Florida Senator Marco Rubio is dismissing criticism from fellow Sunshine State 2016 GOP Presidential hopeful Jeb Bush.
According to Politico:
“Marco Rubio’s still not taking the bait.
After a summer of sitting just below the radar, Rubio’s stealthy performance at the debate and months spent working voter crowds has sent him slowly but steadily climbing in the polls. And that’s suddenly making him a target, not least for Jeb Bush, who is now subtly attacking his leadership chops and experience level.
But on Friday, Rubio responded to his one-time mentor’s criticisms not with a counterattack but an indifferent shrug.
“It’s fine. It’s not a big deal,” Rubio said during an interview with Mike Gallagher, a nationally syndicated conservative radio host. “When you run for office, and you feel — whatever — you’re going to say what you think puts you in the best position; and I guess they’ve determined coming after me a little bit puts them in a better position.”
Rubio’s slightly patronizing aplomb is that of an increasingly confident candidate. At this critical juncture in the Republican primary fight, as the slowly winnowing field and a new batch of fundraising reports threaten to re-shape the race, Rubio is operating from a position of strength. Although he still trails three outsider candidates overall, he is quietly manuevering to overtake Bush, despite his financial and organizational advantages, as the GOP’s new establishment frontrunner…
And by avoiding a tit-for-tat argument with Bush, Rubio is seemingly diminishing the potential for a marquee showdown between the two 2016 candidates favored by the Republican establishment, at least for now. Much like Bush’s initial criticism of Rubio, a mere backhanded compliment, Rubio is preventing things from getting nasty or personal.
But make no mistake: he’s also subtly tweaking Bush, who now trails him in the polls, suggesting that the former governor is getting a bit desperate.”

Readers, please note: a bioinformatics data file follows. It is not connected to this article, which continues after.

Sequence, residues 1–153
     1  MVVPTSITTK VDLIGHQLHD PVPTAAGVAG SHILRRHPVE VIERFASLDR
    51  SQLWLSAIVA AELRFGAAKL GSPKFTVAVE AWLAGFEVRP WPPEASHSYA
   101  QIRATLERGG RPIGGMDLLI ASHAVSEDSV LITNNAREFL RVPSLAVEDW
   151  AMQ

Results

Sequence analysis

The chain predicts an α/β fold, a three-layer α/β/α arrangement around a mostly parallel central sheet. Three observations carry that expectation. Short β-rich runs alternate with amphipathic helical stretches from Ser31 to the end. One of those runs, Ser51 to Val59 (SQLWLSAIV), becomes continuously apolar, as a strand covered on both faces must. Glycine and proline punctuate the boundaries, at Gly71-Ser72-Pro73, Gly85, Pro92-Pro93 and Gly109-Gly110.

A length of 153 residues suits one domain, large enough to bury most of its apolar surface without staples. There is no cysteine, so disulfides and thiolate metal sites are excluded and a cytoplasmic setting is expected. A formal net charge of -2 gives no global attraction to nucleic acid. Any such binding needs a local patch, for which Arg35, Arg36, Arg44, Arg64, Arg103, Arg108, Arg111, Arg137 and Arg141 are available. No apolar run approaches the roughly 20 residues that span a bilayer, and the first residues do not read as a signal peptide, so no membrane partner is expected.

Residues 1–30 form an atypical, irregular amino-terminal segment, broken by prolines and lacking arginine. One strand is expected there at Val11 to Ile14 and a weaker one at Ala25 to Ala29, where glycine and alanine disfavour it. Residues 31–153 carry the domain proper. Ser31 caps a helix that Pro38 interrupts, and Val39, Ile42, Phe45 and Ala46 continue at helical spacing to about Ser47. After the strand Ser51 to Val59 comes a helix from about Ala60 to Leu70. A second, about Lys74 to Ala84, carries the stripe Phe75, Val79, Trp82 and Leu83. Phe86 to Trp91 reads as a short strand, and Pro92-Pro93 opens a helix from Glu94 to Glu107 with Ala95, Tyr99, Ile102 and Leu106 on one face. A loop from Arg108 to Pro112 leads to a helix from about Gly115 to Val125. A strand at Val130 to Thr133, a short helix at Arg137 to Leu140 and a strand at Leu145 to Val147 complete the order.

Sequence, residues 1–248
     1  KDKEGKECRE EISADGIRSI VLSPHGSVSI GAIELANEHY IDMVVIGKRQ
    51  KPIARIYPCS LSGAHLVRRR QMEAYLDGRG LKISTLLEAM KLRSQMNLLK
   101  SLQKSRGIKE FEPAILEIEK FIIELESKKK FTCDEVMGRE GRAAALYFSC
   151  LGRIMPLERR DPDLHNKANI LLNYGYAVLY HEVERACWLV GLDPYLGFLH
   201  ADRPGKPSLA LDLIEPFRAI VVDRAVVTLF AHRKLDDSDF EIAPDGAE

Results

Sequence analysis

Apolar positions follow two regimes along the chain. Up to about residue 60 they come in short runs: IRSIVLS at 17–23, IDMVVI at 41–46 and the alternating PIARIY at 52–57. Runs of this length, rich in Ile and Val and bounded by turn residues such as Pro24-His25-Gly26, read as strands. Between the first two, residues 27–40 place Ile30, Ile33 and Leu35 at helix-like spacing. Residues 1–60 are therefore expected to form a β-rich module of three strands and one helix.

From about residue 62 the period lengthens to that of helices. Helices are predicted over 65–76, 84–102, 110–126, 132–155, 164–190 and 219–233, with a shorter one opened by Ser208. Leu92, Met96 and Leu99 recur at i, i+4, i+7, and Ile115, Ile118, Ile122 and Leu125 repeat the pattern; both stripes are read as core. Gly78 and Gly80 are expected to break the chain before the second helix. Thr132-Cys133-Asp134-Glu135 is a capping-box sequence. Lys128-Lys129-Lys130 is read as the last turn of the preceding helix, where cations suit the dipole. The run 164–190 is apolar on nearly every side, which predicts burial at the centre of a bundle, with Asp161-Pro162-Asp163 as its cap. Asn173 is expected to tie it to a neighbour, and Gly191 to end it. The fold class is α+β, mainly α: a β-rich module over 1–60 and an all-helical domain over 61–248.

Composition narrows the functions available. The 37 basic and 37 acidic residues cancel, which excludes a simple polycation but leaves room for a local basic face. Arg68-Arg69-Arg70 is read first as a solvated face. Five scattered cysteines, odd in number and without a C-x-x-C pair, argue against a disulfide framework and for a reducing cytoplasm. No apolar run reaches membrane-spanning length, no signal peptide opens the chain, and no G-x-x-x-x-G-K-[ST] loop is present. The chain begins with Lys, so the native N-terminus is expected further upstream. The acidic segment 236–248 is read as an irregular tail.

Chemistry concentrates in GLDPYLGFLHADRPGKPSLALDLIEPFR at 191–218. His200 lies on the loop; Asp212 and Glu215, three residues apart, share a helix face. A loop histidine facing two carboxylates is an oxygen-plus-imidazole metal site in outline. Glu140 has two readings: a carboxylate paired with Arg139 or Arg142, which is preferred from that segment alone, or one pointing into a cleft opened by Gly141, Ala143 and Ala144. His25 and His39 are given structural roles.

Bush had previously blasted Rubio over alleged issues with Rubio’s leadership skills and experience level.
Slate described the situation this way:
“Since there would be no Marco without Jeb, the logic goes, Jeb should get to be president first. That’s the subtext of a new line of attacks Bush has been introducing in media appearances since Wednesday.
“I’m a proven leader,” he told CNN. “I disrupted the old order in Tallahassee. I relied on people like Marco Rubio and many others to follow my leadership and we moved the needle.” Bush equals leader, Rubio equals follower. Get it? He had more on whether Rubio is ready to lead the country: “Look we had a president who came in and said the same kind of thing—new and improved, hope and change—and he didn’t have the leadership skills to fix things.”
Bush reiterated this Rubio-Obama comparison during an appearance on MSNBC’sMorning Joe on Thursday. He claimed he meant no insult to his former child-apprentice, now rival, and then offered the exact same jabs. “I think I have the leadership skills to fix things and that’s my strength,” he said.
“Marco Rubio was a member of the [Florida] House of Representatives when I was governor and he followed my lead and I’m proud of that.” When Bloomberg’s John Heilemann followed up with a question about whether Rubio “has the leadership skills to fix things,” Bush said, “It’s not known.” And you know who else’s leadership skills were not known?“Barack Obama didn’t end up having them and he won an election based on the belief that people had that he could, and he didn’t even try.”